Friul,

Is this how one makes the sign of the malocchio in Italy today?  If I'm not mistaken, this custom actually goes back to the Romans.  Just curious.
« Last Edit: June 01, 2007, 01:04:12 PM by scamandrius » Logged

I seek the truth by which no man was ever harmed--Marcus Aurelius

Those who do not read  history are doomed to get their facts from Hollywood--Anonymous

What earthly joy remains untouched by grief?--St. John Damascene
Entscheidungsproblem
Formerly Friul & Nebelpfade
Protokentarchos
*********
Offline Offline

Faith: Machine God
Posts: 4,495



WWW
« Reply #6 on: June 01, 2007, 01:33:28 PM »

Friul,

Is this how one makes the sign of the malocchio in Italy today?  If I'm not mistaken, this custom actually goes back to the Romans.  Just curious.

It really depends on the region and the influences.  Since Italy has Roman, Greek and Arabic influences in different regions, different takes on it appeared. 

In Friuli, it is believed that it is passed on through a malevolent gaze, usually from someone seen as evil or envious (hence the reason it is an important part of a wedding, envious onlookers could doom the couple).  The picture you showed (the corna) is threefold in Italian culture:  It can be used to protect you from bad luck (there is a story about this and the late Italian President Giovanni Leone), to put it over a man's head is to show they are a cuckold (cornuto, having the horns [There is a story about Silvio Berlusconi and this at an international conference]), or to cruse someone (though not the same as the malocchio, though it must be pointed directly at you).  To rid the curse you can touch iron (the Italian version of knocking on wood), do the corna, or, if you are a guy, grab your genitals (though seen as vulgar, it is especially common amongst older men).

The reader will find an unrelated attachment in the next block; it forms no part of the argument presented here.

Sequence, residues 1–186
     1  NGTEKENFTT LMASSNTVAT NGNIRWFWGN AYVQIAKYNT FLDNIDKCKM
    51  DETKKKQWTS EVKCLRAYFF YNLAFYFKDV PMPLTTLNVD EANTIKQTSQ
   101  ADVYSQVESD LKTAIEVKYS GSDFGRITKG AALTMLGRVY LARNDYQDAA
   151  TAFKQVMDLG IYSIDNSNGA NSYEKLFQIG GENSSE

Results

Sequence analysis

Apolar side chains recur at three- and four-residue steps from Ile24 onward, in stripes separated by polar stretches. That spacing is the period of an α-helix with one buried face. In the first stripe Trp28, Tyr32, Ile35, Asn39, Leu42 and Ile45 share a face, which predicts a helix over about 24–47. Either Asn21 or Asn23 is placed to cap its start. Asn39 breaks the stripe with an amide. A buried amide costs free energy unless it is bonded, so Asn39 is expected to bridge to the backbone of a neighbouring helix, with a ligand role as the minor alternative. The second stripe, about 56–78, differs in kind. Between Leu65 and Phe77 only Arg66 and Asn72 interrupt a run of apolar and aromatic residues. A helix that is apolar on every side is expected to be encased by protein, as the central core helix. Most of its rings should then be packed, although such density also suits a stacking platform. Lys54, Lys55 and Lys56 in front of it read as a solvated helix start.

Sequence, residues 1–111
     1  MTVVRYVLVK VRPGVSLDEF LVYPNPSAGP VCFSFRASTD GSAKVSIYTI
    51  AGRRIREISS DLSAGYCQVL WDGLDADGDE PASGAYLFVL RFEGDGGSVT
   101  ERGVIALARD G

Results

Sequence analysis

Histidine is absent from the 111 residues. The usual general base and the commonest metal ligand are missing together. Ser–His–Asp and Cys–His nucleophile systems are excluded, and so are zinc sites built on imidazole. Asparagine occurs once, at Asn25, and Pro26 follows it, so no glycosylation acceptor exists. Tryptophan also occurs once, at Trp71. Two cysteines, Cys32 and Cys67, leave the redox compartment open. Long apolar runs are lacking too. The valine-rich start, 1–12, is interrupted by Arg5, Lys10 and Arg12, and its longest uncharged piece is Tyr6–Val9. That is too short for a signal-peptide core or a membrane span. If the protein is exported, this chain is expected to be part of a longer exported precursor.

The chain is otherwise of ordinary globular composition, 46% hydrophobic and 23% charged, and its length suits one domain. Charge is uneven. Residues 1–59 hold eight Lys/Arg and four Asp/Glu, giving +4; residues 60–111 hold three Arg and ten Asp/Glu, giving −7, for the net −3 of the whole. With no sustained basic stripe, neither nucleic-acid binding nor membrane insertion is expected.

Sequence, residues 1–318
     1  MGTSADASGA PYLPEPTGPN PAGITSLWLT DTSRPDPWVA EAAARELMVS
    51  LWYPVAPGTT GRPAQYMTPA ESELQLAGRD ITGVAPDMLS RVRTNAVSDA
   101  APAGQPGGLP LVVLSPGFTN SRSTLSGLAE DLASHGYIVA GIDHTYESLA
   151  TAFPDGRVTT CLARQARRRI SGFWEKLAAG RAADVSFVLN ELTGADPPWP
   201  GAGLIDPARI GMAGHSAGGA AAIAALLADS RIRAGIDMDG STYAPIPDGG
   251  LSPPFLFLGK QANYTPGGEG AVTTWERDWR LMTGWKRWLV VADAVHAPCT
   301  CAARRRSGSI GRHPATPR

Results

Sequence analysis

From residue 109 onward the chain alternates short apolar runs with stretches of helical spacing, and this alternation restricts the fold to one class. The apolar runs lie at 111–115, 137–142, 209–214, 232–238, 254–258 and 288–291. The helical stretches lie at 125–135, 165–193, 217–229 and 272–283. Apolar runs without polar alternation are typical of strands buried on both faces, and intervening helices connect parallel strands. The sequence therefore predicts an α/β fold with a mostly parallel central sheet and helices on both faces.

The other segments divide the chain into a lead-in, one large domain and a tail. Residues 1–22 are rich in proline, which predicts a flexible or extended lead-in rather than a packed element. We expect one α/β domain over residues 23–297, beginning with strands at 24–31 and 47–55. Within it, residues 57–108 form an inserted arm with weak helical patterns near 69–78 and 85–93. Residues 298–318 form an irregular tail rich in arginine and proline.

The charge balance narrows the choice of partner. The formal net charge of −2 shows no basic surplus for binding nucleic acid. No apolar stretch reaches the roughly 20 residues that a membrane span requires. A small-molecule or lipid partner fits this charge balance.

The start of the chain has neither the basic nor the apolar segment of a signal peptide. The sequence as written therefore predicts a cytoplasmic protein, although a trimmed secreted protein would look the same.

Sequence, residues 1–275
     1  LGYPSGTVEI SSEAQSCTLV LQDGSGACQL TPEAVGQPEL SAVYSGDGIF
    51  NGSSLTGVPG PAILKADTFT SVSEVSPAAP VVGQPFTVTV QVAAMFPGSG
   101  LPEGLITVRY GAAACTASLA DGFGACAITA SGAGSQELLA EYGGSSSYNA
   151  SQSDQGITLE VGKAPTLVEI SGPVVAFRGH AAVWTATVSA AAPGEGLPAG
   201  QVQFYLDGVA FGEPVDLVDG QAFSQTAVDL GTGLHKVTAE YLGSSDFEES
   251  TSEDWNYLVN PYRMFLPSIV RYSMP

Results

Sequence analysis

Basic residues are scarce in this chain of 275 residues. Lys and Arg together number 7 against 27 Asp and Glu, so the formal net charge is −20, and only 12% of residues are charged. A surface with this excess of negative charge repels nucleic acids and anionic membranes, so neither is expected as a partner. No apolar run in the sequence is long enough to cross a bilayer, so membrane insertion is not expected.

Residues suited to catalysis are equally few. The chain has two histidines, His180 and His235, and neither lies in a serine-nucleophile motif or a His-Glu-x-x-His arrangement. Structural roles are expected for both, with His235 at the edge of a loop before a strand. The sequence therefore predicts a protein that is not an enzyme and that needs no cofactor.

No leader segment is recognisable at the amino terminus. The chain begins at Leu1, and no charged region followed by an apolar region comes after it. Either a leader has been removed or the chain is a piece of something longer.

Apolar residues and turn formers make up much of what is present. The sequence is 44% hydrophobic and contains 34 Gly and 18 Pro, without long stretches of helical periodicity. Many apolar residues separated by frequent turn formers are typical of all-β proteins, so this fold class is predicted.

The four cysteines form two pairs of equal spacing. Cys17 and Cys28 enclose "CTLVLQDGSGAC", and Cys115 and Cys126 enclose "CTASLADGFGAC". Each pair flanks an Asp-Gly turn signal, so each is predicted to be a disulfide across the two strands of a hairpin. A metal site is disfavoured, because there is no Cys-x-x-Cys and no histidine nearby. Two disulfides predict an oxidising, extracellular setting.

The origins of the corna are either Greek or Roman, I am not exactly sure.  The origins of the malocchio are not exactly known since it is well known all over the Med area, though it is believed to have come from Asia Minor/Near East.
Logged

As a result of a thousand million years of evolution, the universe is becoming conscious of itself, able to understand something of its past history and its possible future.
-- Sir Julian Sorell Huxley FRS
GabrieltheCelt
Hillbilly Extraordinaire
Taxiarches
**********
Offline Offline

Faith: Eastern Orthodox Christian
Jurisdiction: OCA
Posts: 6,987


Chasin' down a Hoodoo...


« Reply #7 on: June 01, 2007, 02:09:39 PM »


 Didymus,

 Welcome home, dear brother! I will pray for you and your grandmother. I believe things will go well for you Didymus, just be patient with everyone's questions (some will be strange and some will be downright funny). Going from being a Baptist to Orthodoxy can be stressful, but it will be a great experience that you can share with others who are interested in becomming Orthodox.